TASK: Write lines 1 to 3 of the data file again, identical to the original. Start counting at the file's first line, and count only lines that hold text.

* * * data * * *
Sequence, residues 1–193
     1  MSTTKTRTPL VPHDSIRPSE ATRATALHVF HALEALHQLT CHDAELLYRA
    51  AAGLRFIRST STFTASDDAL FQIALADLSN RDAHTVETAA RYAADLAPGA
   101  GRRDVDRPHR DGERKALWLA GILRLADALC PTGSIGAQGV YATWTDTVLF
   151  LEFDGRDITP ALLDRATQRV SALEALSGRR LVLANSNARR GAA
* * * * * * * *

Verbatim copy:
Sequence, residues 1–193
     1  MSTTKTRTPL VPHDSIRPSE ATRATALHVF HALEALHQLT CHDAELLYRA
    51  AAGLRFIRST STFTASDDAL FQIALADLSN RDAHTVETAA RYAADLAPGA